• Cotton States and International Exposition

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The 1895 Cotton States and International Exposition was held at the current Piedmont Park in Atlanta, Georgia. Nearly 800,000 visitors attended the event. The exposition was designed to promote the region to the world and showcase products and new technologies as well as to encourage trade with Latin America. The Cotton States and International Exposition featured exhibits from several states including various innovations in agriculture and technology. President Grover Cleveland presided over the opening of the exposition. But the event is best remembered for the both hailed and criticized "Atlanta Compromise" speech given by Booker T. Washington on September 18, promoting racial cooperation.

Exhibit buildings

Overview of Cotton States and International Exposition 

The Exposition was open for 100 days, beginning on September 18, 1895 and ending December 31, 1895, attracted visitors from the U.S. and 13 countries.[1] Over $2,000,000 was spent on the transformation of Piedmont Park.[2] The government allocated $250,000 for the construction of a government building and many states and countries such as Argentina also had their own buildings.[3] Also constructed for the fair were the Tropical gardens, now known as the Atlanta Botanical Garden, and Lake Clara Meer which was originally a pond but was expanded to 11.5 acres (47,000 m2) for the event.[4] Today, the stone balustrades scattered around the park are the only part of the enormous main building.[4] The park remains largely as Joseph Forsyth Johnson designed it for the exposition. The supervising architect for the entire fair was Bradford Gilbert.

Booker T. Washington giving "Atlanta Compromise" speech

Exhibits of Cotton States and International Exposition 

The exposition included many exhibits in the categories of Minerals and Forestry, Agriculture, Food and Accessories, Machinery and Appliances, Horticulture, Machinery, Manufactures, Electricity, Fine Arts, Painting and Sculpture, Liberal Arts, Education and Literature. About six thousand exhibits were examined and beautifully designed medals were awarded. The Awards Committee awarded a total of 1,573 medals: 634 gold medals, 444 silver medals, and 495 bronze medals.[5] In late September Charles Francis Jenkins demonstrated an early movie projector called the Phantoscope.

The great American band master John Phillip Sousa composed his famous march, King Cotton, for the exposition, and dedicated it to the people of the state of Georgia.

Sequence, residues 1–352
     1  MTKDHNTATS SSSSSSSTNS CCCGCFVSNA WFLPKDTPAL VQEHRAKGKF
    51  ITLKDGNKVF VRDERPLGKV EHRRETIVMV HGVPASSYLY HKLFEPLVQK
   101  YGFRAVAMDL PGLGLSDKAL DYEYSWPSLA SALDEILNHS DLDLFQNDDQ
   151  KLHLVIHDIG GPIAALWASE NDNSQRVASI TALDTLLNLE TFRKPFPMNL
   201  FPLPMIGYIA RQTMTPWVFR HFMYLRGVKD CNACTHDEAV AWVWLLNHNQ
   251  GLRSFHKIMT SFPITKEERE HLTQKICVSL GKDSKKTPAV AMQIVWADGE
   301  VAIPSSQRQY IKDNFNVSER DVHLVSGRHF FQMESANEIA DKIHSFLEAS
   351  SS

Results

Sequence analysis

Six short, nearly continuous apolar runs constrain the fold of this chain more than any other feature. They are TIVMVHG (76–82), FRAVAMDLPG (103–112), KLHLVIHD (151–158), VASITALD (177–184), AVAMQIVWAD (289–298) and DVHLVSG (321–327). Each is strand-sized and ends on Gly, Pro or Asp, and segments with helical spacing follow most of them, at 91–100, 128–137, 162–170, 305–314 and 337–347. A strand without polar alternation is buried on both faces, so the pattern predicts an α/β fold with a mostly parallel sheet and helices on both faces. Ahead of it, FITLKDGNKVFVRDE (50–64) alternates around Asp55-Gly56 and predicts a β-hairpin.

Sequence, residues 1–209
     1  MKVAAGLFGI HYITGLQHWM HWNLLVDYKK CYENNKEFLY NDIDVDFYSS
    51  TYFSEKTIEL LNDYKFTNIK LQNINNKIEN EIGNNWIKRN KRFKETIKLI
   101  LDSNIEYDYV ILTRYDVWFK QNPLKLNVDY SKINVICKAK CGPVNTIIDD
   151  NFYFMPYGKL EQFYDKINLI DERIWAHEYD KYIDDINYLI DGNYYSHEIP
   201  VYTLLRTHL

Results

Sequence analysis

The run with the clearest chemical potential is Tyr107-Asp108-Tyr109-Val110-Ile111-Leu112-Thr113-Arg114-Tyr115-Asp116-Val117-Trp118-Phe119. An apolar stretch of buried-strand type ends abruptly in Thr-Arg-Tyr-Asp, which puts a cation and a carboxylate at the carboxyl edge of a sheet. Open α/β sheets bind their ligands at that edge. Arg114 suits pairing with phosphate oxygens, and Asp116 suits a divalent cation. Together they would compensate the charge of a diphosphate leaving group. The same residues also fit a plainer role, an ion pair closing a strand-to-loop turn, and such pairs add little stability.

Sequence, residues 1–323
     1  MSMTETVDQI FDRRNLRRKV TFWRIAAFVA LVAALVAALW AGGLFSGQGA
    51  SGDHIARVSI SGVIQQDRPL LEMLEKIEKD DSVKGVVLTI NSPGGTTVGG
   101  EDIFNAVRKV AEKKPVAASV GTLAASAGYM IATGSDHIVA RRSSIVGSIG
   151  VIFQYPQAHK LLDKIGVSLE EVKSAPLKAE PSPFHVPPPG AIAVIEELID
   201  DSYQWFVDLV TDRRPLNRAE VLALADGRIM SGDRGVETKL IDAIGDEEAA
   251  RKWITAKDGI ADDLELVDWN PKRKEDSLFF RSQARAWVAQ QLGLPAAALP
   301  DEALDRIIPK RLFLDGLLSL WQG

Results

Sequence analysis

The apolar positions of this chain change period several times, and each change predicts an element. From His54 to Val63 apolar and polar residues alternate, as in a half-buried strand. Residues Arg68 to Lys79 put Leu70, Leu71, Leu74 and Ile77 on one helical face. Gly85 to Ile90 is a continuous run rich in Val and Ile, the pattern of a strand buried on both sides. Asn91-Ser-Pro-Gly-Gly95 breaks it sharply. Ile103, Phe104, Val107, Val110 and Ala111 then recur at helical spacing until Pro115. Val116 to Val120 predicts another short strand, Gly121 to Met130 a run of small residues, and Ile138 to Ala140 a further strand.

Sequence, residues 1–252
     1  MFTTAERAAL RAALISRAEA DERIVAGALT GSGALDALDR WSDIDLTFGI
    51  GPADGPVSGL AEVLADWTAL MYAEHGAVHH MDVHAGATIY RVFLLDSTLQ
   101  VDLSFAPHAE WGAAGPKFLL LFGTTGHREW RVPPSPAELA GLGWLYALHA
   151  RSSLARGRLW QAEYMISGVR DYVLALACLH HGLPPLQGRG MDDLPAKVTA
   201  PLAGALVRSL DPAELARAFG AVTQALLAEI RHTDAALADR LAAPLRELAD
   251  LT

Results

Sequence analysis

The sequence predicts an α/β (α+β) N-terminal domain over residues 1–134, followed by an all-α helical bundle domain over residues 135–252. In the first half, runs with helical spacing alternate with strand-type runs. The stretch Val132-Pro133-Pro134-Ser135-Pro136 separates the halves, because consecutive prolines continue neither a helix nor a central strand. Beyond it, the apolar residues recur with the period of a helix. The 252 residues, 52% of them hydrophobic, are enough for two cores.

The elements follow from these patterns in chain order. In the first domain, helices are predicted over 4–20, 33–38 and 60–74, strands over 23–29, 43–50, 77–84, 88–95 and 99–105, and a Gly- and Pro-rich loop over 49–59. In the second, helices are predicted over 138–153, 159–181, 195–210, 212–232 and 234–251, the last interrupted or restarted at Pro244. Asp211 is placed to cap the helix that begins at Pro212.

Negro Building at Expo

Future politician and historian, Walter McElreath, described it in his memoirs:[6]

The railroad yards were jammed every morning with trains that brought enormous crowds. The streets were crowded all day long. Every conceivable kind of fakir bartered his wares. Dime museums flourished on every street.... Vast stucco hotels stood on Fourteenth Street.... I spent a great deal of time on the streets looking at the strange crowds -- American Indians, Circassians, Hindus, Japanese, and people from every corner of the globe -- who had come as professional midway entertainers or fakirs.

Negro Day

December 26, 1895 was Negro Day at the Expo. Famed African American quilter Harriet Powers also attended this day and met with Irvine Garland Penn, the chief of the Negro Building at the Expo.

Booker T. Washington "Atlanta Compromise" Speech of Cotton States and International Exposition 

Further information: Atlanta Exposition Speech and Atlanta Compromise

The Atlanta Cotton States and International Exposition Speech was an address on the topic of race relations given by Booker T. Washington on September 18, 1895 at the exposition. The speech laid the foundation for the Atlanta compromise, an agreement between African-American leaders and Southern white leaders in which Southern blacks would work weekly and submit to white political rule, while Southern whites guaranteed that blacks would receive basic education and due process in law. The speech was presented before a predominantly white audience and has been recognized as one of the most important, influential, and controversial speeches in American history.

Legacy of Cotton States and International Exposition 

After the exposition, the grounds were purchased by the City of Atlanta and became Piedmont Park and the Atlanta Botanical Garden.

Gallery of Cotton States and International Exposition 

References of Cotton States and International Exposition 

  • Jenkins projector
  • 1895 Guide to the Expo

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